Such contrast between the early development of Lynch and Nix helps explain why defensive coordinator Bob Diaco has a blanket philosophy on playing freshmen.

"I don't think at this point in time that there's any timetable," Diaco said. "Just, when you're ready, we're ready. When you're ready, we're ready. That's it. And when you're ready to do the jobs, whatever they are, you don't have to do be able to do all the jobs, if you can do some of the jobs. You're ready, we're ready.

"When you're ready to go in and you're better than everybody else at that spot, when you're ready to go in and whip your individual matchup, when you're ready, we're ready."
SOUTH BEND, Ind. -- Notre Dame has a boatload of returning starters, talented newcomers adding depth and momentum from last year's finish going for it as the team opens fall camp on Saturday. Head coach Brian Kelly sees one major strength for the Irish, however: Familiarity.

Now in his second season in South Bend, Kelly knows the players' strengths and weaknesses, and they understand the message and expectations from the staff. That should hopefully lead to better, more intense preseason practices and, Kelly hopes, a strong start to the season.

"It allows us to get to football," he said. "It allows us to get to the fundamentals of the game. It allows you to start to look at schemes. Those are things I couldn't talk about at this time last year. I was talking about learning the names of our players."

[+] EnlargeBrian Kelly
Chris Williams/Icon SMICoach Brian Kelly insisted he still doesn't know who his No. 1 quarterback is going to be.
Kelly previewed Notre Dame's preseason camp on Friday in a 35-minute news conference that hit on a lot of topics. The subject that came up most often was, not surprisingly, the quarterback situation. Dayne Crist is expected to get the first snaps at starter on Saturday and probably has the inside edge for the job when the Irish open against South Florida. But it's still technically an open competition between Crist, sophomore Tommy Rees and freshmen Andrew Hendrix and Everett Golson.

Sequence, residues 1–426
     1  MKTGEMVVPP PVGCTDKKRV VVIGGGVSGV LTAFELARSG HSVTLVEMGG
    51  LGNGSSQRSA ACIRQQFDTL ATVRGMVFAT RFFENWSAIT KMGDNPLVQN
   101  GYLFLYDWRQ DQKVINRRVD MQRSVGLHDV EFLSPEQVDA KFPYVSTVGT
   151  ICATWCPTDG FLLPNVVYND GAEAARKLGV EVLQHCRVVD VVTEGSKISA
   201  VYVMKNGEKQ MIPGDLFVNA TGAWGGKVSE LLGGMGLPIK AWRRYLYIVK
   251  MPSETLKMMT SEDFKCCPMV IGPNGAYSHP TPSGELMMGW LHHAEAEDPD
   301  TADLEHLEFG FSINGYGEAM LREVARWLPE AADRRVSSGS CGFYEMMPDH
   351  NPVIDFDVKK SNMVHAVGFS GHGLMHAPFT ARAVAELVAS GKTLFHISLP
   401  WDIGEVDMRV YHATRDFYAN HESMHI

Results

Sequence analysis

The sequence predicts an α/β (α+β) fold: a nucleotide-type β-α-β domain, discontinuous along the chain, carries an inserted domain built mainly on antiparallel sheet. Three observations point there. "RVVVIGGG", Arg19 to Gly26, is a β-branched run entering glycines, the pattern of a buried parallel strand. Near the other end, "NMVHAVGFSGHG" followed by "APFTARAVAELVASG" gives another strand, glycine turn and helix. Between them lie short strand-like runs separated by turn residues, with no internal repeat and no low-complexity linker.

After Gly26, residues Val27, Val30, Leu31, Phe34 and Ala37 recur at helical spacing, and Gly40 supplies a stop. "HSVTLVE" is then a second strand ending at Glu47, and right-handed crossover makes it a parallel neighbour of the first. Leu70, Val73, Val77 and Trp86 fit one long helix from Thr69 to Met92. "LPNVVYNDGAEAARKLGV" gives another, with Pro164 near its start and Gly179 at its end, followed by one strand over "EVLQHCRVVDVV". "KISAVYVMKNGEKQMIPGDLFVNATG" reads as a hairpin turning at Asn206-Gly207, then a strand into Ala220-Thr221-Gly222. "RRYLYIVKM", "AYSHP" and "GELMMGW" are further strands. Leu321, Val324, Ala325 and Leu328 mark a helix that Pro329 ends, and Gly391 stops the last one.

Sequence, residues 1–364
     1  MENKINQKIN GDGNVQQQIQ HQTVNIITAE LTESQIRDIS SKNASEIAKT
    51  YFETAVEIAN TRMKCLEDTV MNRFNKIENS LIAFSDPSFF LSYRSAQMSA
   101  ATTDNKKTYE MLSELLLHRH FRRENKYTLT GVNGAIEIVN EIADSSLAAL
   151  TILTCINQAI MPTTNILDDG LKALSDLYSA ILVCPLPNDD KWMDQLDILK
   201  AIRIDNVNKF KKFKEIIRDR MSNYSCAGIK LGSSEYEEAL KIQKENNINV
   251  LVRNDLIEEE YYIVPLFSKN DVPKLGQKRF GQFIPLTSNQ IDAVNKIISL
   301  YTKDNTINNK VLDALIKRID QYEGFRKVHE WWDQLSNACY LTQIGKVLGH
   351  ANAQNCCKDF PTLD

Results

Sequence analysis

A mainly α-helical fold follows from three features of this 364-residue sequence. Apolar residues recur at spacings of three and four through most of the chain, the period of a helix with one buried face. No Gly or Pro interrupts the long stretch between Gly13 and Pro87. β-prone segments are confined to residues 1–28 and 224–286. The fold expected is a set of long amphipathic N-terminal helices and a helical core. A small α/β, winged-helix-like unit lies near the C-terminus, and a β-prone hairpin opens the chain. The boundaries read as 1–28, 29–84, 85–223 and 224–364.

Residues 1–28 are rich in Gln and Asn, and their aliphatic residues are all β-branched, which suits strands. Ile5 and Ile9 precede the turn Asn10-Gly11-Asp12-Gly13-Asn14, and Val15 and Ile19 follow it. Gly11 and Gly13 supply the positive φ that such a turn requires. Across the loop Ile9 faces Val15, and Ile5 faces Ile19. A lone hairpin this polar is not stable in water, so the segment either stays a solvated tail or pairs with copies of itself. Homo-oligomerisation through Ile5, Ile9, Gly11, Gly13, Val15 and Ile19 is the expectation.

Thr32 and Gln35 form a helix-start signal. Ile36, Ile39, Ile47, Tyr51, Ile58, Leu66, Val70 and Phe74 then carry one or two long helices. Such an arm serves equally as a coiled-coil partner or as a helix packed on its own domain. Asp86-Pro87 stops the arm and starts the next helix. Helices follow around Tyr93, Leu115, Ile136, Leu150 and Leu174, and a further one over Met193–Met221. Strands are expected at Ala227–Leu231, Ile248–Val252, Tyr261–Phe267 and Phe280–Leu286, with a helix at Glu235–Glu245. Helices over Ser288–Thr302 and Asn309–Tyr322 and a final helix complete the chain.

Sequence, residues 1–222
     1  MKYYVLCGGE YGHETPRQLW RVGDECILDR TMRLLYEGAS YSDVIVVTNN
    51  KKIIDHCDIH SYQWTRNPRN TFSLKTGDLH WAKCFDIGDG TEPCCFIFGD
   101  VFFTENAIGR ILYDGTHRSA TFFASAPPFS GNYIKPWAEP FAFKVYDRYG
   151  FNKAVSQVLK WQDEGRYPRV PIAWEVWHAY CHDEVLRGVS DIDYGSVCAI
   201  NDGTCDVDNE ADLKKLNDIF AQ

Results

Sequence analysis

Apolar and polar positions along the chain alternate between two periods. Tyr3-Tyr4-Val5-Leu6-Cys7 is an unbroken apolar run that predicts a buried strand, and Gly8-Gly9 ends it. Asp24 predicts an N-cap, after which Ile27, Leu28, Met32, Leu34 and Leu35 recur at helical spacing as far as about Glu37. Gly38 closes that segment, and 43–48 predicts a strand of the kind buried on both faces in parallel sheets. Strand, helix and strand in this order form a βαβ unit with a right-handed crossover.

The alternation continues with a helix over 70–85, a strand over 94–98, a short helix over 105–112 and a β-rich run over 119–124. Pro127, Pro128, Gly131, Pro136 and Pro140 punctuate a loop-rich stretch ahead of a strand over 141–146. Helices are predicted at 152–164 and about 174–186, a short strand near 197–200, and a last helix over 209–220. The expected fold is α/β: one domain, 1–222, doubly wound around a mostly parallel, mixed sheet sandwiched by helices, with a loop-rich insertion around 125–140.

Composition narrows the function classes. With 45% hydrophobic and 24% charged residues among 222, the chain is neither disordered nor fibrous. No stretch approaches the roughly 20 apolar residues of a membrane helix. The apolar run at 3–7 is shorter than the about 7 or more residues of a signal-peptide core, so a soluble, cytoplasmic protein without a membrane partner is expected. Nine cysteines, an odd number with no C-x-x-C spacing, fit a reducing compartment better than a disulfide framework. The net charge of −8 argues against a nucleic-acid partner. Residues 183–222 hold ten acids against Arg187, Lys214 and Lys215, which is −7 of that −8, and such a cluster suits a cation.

Kelly insisted he didn't know who would win that battle.

"I'm going through it just like you guys are," he said. "I'm going, 'All right, is it Dayne? Is it Tommy?' You could make the case for any one of them. So we have to, in camp, really do a great job of giving them the appropriate reps necessary for us to make these kinds of decisions."

The starting quarterback will be determined by Aug. 22, Kelly said, so the team can prepare for USF with its No. 1 quarterback. Whatever decision he ends up making, he doesn't think it will become a controversy inside the team.

"I think they've got a great deal of confidence in whomever we choose," Kelly said. "Our team will not be talking in the locker room about who the quarterback is. They'll get behind whoever it is. That maybe would have happened last year when they didn't know everybody. But they know what we're about now and they know we're here to win."

Crist and Rees will not face live contact in training camp, but Golson will because he has some problems with fumbles in the spring. Hendrix will also have to take on some tacklers this month because the team expects him to provide a running threat.

Some other highlights from Kelly's news conference:

Notre Dame is ranked by most preseason publications and checked in at No. 18 in the first coaches' poll this week. Kelly said he's not worried about expectations getting the best of his players.

"Right now, we're being recognized maybe a little bit for what we did at the end of the year and because we're Notre Dame," he said. "The way we go to work and the way they practice for me, I don't walk around with my Top 25 T-shirt on."

Kelly said he wants to be in Oklahoma coach Bob Stoops' position, where he's talking about being ranked No. 1.